Remember When Work-Life Balance Was a Thing?

William Delaney

A woman working from home

We’re all sick of re-hashing the effects of the pandemic on our lives and professions, but the switch to working remotely so unexpectedly can’t go undiscussed. 

From one day to the next we left our 9 – 5 office lives and turned kitchen tables into desks, living rooms into gyms, any comfortable seat into an entertainment zone. Bedrooms became boardrooms, now commonly known as Zoom-rooms.  

At first it was kind of exciting, being able to roll out of bed and turn on the laptop, attend meetings in sweatpants and hit the fridge as often as you wanted without judgement from colleagues. But the novelty quickly wore off.

All of a sudden time seemed to slow down and the hours morphed into each other. You’d think the home office environment would reduce motivation, but surprisingly, the opposite happened! With little else to do, people began to fill their days with work, and this led to an unhealthy decline in the work-life balance. Working overtime and on weekends was not an uncommon thing to witness or partake in. 

But when work-life harmony is out of sync it can have a significant impact on both a person’s professional and personal life. While in the short-term it might seem that this over-achieving nature is getting you somewhere, the long-term effects on mental health, relationships and even your physicality can be devastating – which will actually negatively affect your career down the road (burnout is a real thing!).

Figuring out ways to control the urge that drives you to just do one more hour, which turns into two, three, four… is of the utmost importance. Understanding that your productivity, concentration and efforts will be significantly decreased when you push yourself into this “just keep going” mentality will in turn improve on your deliverables and ensure you reach your goals in a healthy, safe and satisfying manner. 

Everyone has their own way of changing from working-from-home to just-at-home mode, but if you’re struggling with the switch here are a couple of ideas that might help.

Keep your work and personal spaces separated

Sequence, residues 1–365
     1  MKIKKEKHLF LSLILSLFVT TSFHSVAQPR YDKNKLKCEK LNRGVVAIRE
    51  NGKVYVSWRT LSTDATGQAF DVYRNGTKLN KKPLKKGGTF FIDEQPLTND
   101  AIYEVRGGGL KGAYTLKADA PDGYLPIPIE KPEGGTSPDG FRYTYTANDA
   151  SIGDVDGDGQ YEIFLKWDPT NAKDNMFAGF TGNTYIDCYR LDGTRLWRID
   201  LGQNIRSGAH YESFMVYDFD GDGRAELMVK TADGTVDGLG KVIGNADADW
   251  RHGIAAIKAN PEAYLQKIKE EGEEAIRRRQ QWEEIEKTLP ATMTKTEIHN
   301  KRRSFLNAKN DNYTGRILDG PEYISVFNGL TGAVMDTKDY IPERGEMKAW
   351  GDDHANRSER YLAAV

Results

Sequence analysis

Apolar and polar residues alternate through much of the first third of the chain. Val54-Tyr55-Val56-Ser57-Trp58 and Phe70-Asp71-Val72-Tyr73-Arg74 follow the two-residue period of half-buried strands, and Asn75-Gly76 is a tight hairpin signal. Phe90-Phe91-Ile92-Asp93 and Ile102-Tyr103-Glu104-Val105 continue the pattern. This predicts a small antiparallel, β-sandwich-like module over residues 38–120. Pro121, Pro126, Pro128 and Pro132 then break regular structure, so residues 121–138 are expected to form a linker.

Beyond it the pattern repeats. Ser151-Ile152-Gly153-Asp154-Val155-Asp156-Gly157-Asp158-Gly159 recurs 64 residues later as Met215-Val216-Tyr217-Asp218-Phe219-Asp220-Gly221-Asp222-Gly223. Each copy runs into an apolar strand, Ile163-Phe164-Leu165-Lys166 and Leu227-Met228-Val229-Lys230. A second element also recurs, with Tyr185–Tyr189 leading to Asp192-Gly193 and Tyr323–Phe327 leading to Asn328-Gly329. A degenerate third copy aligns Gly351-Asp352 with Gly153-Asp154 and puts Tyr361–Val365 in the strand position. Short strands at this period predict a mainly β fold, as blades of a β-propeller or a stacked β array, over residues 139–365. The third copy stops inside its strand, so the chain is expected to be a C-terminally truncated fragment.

We’re not all privileged enough to have the addition of a dedicated office in our homes. Many of us live in confined city spaces or share our homes with family or flatmates. But one proven work-life balance technique is to dedicate a particular space, whether it’s a table, a piece of the floor or a particular chair as your workspace. This allows you to detach from the workstation to focus on yourself, but also means all of your work equipment isn’t within reach at all times, “just to check an email or see a stat” because we all know where that goes.

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Work equipment is for work

Normally when you work for an organisation, you’re given a computer or laptop – (I know people starting during corona mightn’t be so lucky – please skip this suggestion). It’s vital that just like your work station you only use your work laptop for work and during working hours. In this era of  notifications, and having the innate curiosity built into the human-race it’s difficult not to check or answer a request after hours if it shows up on the laptop. Along with this allowing yourself to constantly check for issues increases anxiety and reduces productivity. If something happens you can fix it tomorrow is an attitude we all need to adhere to during these times. 

 

Remove yourself completely

Once the workday has ended, it’s recommended that you completely remove yourself from the workspace and even from the sanctuary of your home. Going for a walk and getting fresh air allows you to recharge and relax into the evening. Studies have proven that the out of sight out of mind theory is truly one of the strongest. By completely removing yourself from the situation even for a short period of time, the urge to stay going can be reduced and the feeling of guilt lowered allowing you to focus on yourself (in whatever way that means for you). 

 

Don’t waste your time

One of the main reasons our work-life balance is out of sync is because our day-to-day routines were mostly taken from us. However, while they may have been thrown around a little, we still have 24 hours in the day. This time is precious and should be used with quality and purpose. It’s time to make your own routine! Start by planning your evening. To begin, try to set an alarm to the max of one hour of overtime, after this plan a minimum of 3 activities, sports, cooking, moving, reading whatever floats your boat. By having planned activities you’re less likely to allow yourself to continue working. 

 

Involve a friend

Trying to break a habit is difficult. When you initially set out to find your personal “off” switch, it’s good to plan an activity with a friend. Perhaps a workout buddy at 6pm or a catch-up call with family. By bringing another party into the mix, you’re less likely to fall off the wagon and stick to your separation of work and me time.

Everyone wants to succeed, and we’re all struggling with COVID fatigue – but using work as a crutch or a time filler is not a healthy option. Study after study shows you need to take time out, exercise, socialise and relax. Your productivity, sanity and core need you to look after your mind and body as much if not more than your job.

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